Album Review: Chatham County Line – Chatham County Line

Juli Thanki | January 9th, 2009

Chatham County LineAfter several years out of print, Chatham County Line’s 2003 self-titled debut is finally being reissued, now on Yep Roc Records. While the Raleigh, North Carolina quartet has recently become a Newgrass/Alt-Country mover and shaker with its outstanding 2008 release IV, the band’s first record finds the group at its most traditional.

Chatham County Line sets the stage for a rollicking trip through bluegrass-country straightaway, with a sprightly mandolin and fiddle kickoff on opening track “Closing Town,” a song whose subject matter—unemployment, poverty, and desperation—belies its peppy arrangement. The overly nasal three-part harmony is a bit grating at first, and in comparison to the other tracks on the album, “Closing Town” is rather boring. Fortunately, Chatham County Line quickly picks up speed and becomes an enjoyable listen not only for bluegrassers, but fans of acoustic roots music in general, especially as fiddler/mandolinist John Teer leads the band on the remarkable instrumental “Butterwheel,” a breakneck piece that showcases the group’s skillful picking, notably that of banjoist Chandler Holt.

Elsewhere, frontman and guitarist Dave Wilson serves as the band’s primary songwriter, his boyish charm on display in several songs including the playful, infectious banjo-driven “Sightseeing,” a tune about ogling pretty girls and the justification of said ogling to his better half: “And maybe, at the barroom, his eyes they wander ’round/That don’t mean he ain’t satisfied with the vision he has found/By looking, he ain’t hurting the one he truly loves/There’s a whole world of difference between a look and a touch.

At a time in which many young musicians take themselves far too seriously (I’m looking at you, Chris Thile), the sense of humor and wry self-awareness on Chatham County Line is a welcome respite.

Punctuating these moments of wit and levity is the general theme of nostalgia that weighs heavy on Wilson’s songs. “WSM (650)” finds him reminiscing about a destitute childhood spent listening to the radio and dreaming of country music stardom in the promised land of Nashville–a common topic for bluegrass songs, yes, but here Wilson’s earnestness rings truer than most.

Though they were strictly a bluegrass band at this point in their career, Chatham County Line reflects the band’s wide and varied musical influences. They may namedrop Merle Haggard and sing a rather metafictional (if such a word can be applied to songwriting) “Song for John Hartford,” but echoes of Jimmie Rodgers, Bill Monroe, and even an occasional burst of Allman Brothers resonate through the album. The band also reveals their Dylan leanings with a cover of “I Shall Be Released,” a song so well-written that it would be a masterpiece no matter who sings it. Here, however, the achingly gorgeous harmonies (which include guest vocals from fellow North Carolinian and alt-country darling Tift Merritt) and Wilson’s world-weary tenor make this version of the song just as good, if not better, than the original.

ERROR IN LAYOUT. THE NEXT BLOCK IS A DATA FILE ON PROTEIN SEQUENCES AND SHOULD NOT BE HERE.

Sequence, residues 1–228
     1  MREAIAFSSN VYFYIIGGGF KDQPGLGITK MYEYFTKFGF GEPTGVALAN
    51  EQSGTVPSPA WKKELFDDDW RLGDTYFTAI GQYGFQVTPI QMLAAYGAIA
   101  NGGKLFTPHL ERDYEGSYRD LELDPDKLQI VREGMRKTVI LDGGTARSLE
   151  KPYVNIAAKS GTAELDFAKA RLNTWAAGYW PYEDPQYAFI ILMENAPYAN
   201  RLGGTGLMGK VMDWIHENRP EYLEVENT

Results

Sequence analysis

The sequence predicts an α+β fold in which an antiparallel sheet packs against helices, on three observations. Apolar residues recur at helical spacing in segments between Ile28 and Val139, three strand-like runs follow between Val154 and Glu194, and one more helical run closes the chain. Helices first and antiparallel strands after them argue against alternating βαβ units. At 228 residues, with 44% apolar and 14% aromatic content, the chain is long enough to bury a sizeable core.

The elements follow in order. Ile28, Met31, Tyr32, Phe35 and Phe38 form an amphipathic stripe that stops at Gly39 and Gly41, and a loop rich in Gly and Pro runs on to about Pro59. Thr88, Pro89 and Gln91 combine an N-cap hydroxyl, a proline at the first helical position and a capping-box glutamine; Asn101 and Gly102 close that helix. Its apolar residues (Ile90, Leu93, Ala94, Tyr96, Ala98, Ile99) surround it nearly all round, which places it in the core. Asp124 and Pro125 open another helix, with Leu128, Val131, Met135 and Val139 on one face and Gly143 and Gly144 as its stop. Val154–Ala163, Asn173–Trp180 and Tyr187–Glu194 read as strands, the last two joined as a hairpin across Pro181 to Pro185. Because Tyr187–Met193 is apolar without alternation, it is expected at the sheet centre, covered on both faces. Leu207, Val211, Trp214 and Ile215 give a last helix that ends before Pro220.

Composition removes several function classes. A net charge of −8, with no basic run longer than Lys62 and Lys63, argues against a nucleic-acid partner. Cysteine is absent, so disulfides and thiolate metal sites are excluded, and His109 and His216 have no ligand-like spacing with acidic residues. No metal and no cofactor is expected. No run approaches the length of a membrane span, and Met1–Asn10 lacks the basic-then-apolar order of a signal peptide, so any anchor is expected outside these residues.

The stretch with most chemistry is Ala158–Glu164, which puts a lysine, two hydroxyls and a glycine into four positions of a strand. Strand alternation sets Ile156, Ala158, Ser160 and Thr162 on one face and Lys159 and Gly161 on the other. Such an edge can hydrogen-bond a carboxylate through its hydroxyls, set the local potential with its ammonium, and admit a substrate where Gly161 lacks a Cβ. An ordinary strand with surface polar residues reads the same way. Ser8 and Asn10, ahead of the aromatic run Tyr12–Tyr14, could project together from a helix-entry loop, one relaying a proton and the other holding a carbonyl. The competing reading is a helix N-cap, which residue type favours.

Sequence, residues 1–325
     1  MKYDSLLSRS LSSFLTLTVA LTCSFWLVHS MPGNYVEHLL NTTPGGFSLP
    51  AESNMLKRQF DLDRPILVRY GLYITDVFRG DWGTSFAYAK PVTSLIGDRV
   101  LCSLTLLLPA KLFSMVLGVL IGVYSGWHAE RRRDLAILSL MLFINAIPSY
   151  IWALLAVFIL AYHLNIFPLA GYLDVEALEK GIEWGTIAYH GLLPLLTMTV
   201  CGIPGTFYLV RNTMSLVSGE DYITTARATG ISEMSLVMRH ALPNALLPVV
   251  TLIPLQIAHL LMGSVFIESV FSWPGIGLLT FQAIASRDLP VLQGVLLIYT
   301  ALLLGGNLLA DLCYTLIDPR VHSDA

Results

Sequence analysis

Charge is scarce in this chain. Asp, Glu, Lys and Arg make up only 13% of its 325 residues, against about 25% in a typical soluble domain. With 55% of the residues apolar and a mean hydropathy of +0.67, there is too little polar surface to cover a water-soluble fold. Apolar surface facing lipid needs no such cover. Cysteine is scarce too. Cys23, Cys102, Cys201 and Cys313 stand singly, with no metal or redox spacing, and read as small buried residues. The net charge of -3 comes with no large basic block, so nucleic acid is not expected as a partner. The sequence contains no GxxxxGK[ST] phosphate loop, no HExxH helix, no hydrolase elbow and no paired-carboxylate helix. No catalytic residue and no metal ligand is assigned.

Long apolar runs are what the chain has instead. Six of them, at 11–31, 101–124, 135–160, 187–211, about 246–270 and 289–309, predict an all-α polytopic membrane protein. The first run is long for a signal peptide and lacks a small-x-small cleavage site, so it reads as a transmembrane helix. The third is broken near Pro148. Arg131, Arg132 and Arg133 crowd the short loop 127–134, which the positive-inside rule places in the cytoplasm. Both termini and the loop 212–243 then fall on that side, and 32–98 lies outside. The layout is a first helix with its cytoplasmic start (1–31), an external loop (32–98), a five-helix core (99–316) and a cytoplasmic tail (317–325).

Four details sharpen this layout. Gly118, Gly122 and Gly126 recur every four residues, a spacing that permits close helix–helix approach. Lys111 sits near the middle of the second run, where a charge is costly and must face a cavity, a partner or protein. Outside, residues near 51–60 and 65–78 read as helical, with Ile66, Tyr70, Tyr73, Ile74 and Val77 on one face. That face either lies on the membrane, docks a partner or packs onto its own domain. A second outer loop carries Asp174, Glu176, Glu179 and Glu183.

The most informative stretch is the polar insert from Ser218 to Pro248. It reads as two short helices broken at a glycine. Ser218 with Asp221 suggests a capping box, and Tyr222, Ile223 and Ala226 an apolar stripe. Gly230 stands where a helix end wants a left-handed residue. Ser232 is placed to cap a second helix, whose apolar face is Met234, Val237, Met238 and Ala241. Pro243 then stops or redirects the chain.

Though Chatham County Line’s more recent progressive stylings are certainly outstanding records in their own right, the band’s take on traditional bluegrass is nothing to overlook, and on this album, the foundation of a solid bluegrass band–progressive or otherwise–has been laid. Of course, with talent like theirs, the boys from CCL can play damn near anything they want. I’ll keep on listening.

4 Stars

  1. Find Niches Online
    January 9, 2009 at 8:49 pm

    Excellent content here and a nice writing style too – keep up the great work!

  2. Rick
    January 9, 2009 at 9:15 pm

    Can we pretend the “Listen To The Music” CD from 3 Fox Drive (i.e. the Fox Sisters) has been reissued so it gets a nice review here? I think they are one of the most under-rated new-grass bands in the bluegrass realm and they always blow me away when they perform on the Opry. Straight forward bluegrass tends to bore me quickly, but I never have that problem with 3 Fox Drive. We now return from the Twilight Zone to the Chatham County Line….

  3. Baron Lane
    January 9, 2009 at 10:25 pm

    Juli, If I weren’t already hitched I’d totally stalk you. Great piece gal…

  4. Leeann Ward
    January 10, 2009 at 9:27 am

    Great review, though I like Chris Thile. He does take himself too seriously, I’ll have to admit, of course.
    I like # 3 Fox Drive, but I really don’t think they’re super outstanding compared to other bluegrass artists.

  5. Sam G.
    January 10, 2009 at 12:00 pm

    As a fan of the last three CCL CDs, I was curious as to how the first one fit in with the rest of their catalog. It sounds as good as their later work, so it goes onto my wish list immediately. Thanks, Juli!

  6. Juli
    January 10, 2009 at 5:36 pm

    Sam, I liked it more than “Whippoorwill,” but less than “Route 23″ and “IV.” Always good to see another CCL fan out there!

    Leeann, I like Chris Thile a whole lot. I think Chris Thile also likes Chris Thile a whole lot. But I guess when you’re one of the best mandolin players alive, some sense of self-importance is inherent.

    And Baron, if you weren’t hitched, I’d stalk you too. Unless you turn out to be a Cowboys fan.

  7. Leeann Ward
    January 10, 2009 at 7:19 pm

    Ha! I agree that Chris Thile likes Chris Thile a lot too! There’s no lack of confidence there for sure.

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